The widow lady called me earlier this fall.
She had read a column I had written about a curious rooster statue outside a home on Old Miller Road in Bluffton. The statue was the talk of the town because the homeowner moved it from spot to spot each day, giving passersby a small thrill as they tried to predict where it would be.
The idea of this tickled the widow lady. She was overjoyed for the people who got to drive by the rooster every day.
And it made her think about a very curious rooster in her own life.
“I named him Amadeus,” she said.
Amadeus was a leghorn rooster who appeared one day at her home on St. Helena Island, she told me. And he was mischievous and bold. He caused quite a bit of drama in her household.
I listened to her story, which came out in laughs more than words.
I laughed too, contagiously, though I couldn’t keep it all straight at first. Was this a real story? Or fiction? Were Mae Liza and Scooter and Pumpkin people or pets?
People. No, cats.
OK, now who is the widow lady?
“I am the widow lady,” Delores Nevils said. “Amadeus was beautiful, beautiful. ... All the animals got jealous.”
He was so beautiful, in fact — and had such a large personality — that Nevils decided to write a children’s book about him.
“It’s in its third printing,” she said.
And this is how I found myself spending the next Sunday afternoon with her.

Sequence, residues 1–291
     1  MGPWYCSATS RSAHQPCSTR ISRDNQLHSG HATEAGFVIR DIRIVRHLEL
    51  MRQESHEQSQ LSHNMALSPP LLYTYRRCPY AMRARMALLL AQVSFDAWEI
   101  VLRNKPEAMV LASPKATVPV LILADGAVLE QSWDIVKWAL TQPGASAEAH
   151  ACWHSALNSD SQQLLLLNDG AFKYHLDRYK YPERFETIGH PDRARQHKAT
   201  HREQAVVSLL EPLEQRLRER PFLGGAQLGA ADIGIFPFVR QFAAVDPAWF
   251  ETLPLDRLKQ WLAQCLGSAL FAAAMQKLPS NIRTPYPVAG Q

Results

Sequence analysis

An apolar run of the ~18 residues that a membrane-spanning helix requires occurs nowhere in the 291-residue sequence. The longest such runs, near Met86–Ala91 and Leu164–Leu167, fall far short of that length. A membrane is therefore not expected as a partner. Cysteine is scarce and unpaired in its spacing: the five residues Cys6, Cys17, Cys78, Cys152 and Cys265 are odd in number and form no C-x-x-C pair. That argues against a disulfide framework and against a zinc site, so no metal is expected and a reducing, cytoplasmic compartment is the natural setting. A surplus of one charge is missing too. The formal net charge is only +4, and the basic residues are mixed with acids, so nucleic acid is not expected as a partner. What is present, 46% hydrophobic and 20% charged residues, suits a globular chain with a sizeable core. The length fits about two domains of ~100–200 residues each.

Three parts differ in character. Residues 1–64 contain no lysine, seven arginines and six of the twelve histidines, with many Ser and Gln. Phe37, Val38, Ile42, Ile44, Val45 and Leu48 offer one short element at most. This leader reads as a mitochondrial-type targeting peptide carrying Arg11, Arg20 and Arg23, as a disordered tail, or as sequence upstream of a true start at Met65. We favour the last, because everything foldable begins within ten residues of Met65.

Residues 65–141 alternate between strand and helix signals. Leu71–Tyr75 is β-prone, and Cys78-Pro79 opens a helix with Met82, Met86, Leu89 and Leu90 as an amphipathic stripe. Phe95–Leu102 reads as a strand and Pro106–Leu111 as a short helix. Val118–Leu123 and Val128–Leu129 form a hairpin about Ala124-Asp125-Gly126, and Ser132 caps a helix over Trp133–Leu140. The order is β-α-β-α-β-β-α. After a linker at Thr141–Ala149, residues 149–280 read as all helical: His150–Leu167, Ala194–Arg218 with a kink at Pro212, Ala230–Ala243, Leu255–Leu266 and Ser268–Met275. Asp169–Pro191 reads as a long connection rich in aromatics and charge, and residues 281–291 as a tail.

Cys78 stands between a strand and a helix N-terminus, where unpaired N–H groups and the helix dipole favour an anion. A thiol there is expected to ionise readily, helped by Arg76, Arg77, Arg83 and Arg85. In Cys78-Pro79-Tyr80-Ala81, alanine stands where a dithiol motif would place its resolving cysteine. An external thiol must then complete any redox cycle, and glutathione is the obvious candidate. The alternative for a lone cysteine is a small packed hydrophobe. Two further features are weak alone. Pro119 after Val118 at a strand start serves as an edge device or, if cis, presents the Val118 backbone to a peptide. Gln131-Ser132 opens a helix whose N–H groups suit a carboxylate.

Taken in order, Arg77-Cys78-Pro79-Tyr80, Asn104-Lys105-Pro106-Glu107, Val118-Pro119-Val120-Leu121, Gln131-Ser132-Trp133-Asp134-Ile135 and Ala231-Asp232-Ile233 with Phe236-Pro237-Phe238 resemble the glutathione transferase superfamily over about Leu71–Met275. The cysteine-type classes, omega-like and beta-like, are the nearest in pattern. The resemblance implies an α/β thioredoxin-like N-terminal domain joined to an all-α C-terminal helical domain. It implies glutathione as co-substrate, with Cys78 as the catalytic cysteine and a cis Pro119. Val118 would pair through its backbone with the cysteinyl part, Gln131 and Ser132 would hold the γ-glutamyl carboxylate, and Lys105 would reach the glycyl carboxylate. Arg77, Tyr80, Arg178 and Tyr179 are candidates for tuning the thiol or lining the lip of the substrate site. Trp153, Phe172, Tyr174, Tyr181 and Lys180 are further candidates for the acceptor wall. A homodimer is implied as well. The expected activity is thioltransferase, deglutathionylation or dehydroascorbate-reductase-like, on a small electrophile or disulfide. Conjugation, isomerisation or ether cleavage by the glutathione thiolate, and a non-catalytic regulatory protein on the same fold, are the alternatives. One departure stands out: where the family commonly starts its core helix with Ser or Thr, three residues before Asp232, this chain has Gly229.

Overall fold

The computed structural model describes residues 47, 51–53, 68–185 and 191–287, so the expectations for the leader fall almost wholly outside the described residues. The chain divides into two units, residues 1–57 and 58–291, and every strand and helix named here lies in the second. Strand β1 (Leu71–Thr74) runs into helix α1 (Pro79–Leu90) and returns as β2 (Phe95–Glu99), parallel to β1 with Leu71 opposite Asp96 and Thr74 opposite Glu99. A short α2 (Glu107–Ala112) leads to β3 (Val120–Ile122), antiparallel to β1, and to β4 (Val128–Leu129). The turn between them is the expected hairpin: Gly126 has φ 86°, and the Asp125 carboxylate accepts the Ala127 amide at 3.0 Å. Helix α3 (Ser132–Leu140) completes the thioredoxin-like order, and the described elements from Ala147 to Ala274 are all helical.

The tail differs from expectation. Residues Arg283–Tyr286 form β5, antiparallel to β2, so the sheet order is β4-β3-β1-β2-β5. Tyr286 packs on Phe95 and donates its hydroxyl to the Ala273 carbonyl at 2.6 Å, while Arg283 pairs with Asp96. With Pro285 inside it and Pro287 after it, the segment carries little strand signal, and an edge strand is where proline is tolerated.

Nevils is a tiny woman who lives alone in a cottage amid giant trees. Her home is tidy and uses every inch of space to store her eight decades of memories. The flatter, tangible ones she tucks under cushions and slides under her couches.
She knows where they all are.
Pamphlets, letters, manuscripts. Photos. Clippings.
She shows me them.
In her head, she packs the stories.
About being the first African-American hired at Ladies Home Journal. About her ornery aunts, what they ate and how they ate it. Her childhood. Her need to be tougher than the boys. The trees in her yard. Her work with the Republican Party. The celebrities she’s met. Her children. Her time in Harlem. Her family’s resort in Massachusetts.
And she showed me the book.
“Do you know Jonathan Green?” she asked.
Nevils described her time with Amadeus in words.
Green, who illustrated the book, described it in colorful paintings.
“On the island of St. Helena, South Carolina, there is a widow lady who lives in a tiny cottage that has twenty-six windows. A ramp, painted red, leads to the doorway ...” her book began.
I read quietly. Nevils watched me from her perch on the other side of the couch.
In the book, the widow lady tries to shoo Amadeus away. He wakes her up every morning. He wakes up her cats. He wakes up her dogs. He struts and pecks and bosses around her coterie. Soon enough, though, she finds herself buying special treats for Amadeus and looking forward to his visits. His antics entertain her.
Her house is full of joy and lots of activity until the day comes when she must give away the dogs and then the cats.
Until the day Amadeus no longer comes to her yard.
The widow lady’s heart breaks.
She is lonely again.
“If you visit the South Caroina coast,” Nevils tells her readers in the end, “please keep an eye out for him. ... Wherever he is, I hope he is happy.”
“Amadeus: The Leghorn Rooster,” by Delores B. Nevils and illustrated by Johnathan Green, is available through Amazon, the University of South Carolina Press and at the Red Piano Art Gallery on St. Helena Island.